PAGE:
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Life After Stroke: Daughter Says Support Keeps Mom, and Family, Strong

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Richards Family

Brittany Richards, right, said that support remains extremely important as her Mom, Christine, heals after stroke. Brittany stands next to her brother, Dusty. Her Dad, Loren, is at left.

A single event can change the course of your life and you may never see it coming. On April 4, 2014, just three days after her 56th birthday, my Mom suffered a stroke. By the end of that day, what started out as a single ischemic stroke with left-side paralysis turned into a shower embolic stroke.

Three Hospitals Later …

For the next two months, my Dad, brother and I took turns being with her as she recovered and retrained her brain to bypass the damaged areas. Three hospitals later, she returned home to Laramie, Wyo., able to perform basic tasks alone, but still needing some assistance.

Her aphasia-effected speech was, and still is, her biggest obstacle. Today, she continues speech therapy to address her aphasia, has daily workouts to regain her strength and improve her heart condition, and still writes CaringBridge posts.

Communication Transforms Into Support

Soon after my Mom’s stroke, we started a CaringBridge Journal to help keep our friends and family all over the world up-to-date and informed of her condition. While we started the Journal for informative reasons, something special happened on the other side of the computers that we could not have expected!

“Team Chris” (named for my mom, Christine Richards) was forming with every person that commented, expressed words of encouragement, or even just pressed the heart icon to show their love. As my Mom became more alert and aware of her surroundings, the support from “Team Chris” encouraged her to keep trying by setting and achieving new goals, and to never give up.

Hope to Keep Fighting

To this day, she writes a CaringBridge post about once a month, but continues to re-read the comments weekly. Of course, there are still hard days and difficulties she faces, but knowing there are people on “Team Chris” who care about her, including those she hasn’t even met in person, gives her the hope to keep fighting with a smile.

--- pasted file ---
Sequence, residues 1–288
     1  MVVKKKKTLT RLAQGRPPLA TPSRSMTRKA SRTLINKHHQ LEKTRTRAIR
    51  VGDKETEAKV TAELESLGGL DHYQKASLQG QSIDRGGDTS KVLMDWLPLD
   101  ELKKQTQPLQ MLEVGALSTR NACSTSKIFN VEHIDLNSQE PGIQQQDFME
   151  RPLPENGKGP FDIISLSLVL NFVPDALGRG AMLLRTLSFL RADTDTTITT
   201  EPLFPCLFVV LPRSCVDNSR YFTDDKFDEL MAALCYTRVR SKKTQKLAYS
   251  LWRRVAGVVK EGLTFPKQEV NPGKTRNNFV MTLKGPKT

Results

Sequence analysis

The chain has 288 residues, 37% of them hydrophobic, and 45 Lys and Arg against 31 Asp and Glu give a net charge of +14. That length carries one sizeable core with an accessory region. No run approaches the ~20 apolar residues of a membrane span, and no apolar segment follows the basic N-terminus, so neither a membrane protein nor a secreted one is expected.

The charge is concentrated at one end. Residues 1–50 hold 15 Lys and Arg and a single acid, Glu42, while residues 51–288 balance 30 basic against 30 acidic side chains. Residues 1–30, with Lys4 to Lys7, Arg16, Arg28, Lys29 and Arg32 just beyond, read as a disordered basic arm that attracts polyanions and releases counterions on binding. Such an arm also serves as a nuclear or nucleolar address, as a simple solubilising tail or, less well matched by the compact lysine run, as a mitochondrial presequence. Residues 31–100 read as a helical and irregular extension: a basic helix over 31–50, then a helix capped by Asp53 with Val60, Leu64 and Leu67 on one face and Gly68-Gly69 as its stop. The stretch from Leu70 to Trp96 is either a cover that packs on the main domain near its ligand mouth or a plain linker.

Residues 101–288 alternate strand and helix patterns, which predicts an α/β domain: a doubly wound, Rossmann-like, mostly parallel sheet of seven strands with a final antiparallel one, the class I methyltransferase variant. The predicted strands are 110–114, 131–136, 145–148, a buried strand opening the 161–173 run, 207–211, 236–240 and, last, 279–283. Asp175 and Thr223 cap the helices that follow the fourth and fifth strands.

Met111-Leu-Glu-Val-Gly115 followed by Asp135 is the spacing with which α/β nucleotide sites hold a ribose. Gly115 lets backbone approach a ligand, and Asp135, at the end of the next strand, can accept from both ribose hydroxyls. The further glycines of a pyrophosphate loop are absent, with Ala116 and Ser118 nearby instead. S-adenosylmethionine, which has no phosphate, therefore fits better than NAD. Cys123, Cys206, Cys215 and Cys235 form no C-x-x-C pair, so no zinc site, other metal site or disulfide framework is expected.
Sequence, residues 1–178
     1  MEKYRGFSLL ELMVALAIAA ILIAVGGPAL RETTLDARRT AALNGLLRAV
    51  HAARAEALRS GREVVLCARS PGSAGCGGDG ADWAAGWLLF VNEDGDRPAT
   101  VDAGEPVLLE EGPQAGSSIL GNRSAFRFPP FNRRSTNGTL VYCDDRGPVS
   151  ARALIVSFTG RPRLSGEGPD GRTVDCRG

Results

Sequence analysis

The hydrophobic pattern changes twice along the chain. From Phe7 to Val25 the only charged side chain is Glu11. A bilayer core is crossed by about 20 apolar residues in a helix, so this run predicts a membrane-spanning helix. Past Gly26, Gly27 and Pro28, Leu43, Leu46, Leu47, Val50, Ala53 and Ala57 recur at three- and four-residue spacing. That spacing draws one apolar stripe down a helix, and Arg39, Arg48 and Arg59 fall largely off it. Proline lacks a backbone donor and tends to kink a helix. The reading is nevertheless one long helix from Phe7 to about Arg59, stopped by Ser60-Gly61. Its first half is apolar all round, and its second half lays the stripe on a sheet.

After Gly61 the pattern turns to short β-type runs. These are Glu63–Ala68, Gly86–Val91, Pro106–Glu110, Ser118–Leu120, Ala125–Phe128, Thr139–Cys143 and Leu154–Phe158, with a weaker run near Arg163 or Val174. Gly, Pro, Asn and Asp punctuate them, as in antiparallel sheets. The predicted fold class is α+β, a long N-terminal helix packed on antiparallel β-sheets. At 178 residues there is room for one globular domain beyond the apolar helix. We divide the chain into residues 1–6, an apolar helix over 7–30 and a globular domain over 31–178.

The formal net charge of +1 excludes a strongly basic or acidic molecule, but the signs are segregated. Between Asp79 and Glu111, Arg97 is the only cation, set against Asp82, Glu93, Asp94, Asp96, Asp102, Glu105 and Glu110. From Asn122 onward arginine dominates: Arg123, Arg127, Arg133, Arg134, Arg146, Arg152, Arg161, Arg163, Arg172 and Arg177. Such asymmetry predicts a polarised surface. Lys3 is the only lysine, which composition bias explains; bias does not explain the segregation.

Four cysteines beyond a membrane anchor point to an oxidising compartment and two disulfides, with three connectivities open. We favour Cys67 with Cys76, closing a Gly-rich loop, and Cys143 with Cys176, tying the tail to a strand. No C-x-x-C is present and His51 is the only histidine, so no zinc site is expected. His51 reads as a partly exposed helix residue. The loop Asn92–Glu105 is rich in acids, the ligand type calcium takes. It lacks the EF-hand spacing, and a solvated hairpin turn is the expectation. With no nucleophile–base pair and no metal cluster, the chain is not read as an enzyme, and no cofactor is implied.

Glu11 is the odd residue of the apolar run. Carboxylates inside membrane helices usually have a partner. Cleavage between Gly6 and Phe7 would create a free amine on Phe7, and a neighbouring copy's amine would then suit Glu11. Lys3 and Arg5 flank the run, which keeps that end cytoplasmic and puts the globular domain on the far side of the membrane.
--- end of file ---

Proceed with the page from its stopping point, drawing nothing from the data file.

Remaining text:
When I think back on the day of the stroke, I am extremely thankful that my Mom’s friend noticed something unusual about her that morning and acted so quickly. Mom’s speech was slurred and she wasn’t making sense, so her friend ran to get help. When the school nurse arrived, my mom was on the floor in her first-grade classroom and her left side was completely paralyzed. As my Mom’s experience shows, it is vital to recognize the signs of a stroke and find medical attention as soon as possible, increasing chances of survival.

3 Things That Help

Caregivers need three things to help stroke survivors maximize the recovery: education, patience, and love. It’s true that life won’t return to normal after a stroke; instead, there’s a new normal. Accept and encourage your loved one’s changes and challenges and offer support when emotions are low.

According to the American Stroke Association, which is raising awareness during American Stroke Month, a stroke changes a life every 40 seconds.

CaringBridge: Here When You Need It

You probably already know a stroke survivor or caregiver, and can play an important role in their “new-normal.” CaringBridge helped our family, and I think it could help you, too.

Start a CaringBridge website today.

Comments (1)

Jim Arnold Aug 20, 2017 7:52pm
A n ischemic stroke changed my life March 19, 2017. Thanks to Mercy Acute Rehab Unit in Mason City IA put me back on my feet and on the road to recovery. That support made my first steps come soon and with determination and encouragement I continue my on my way to whatever normal will be for me.

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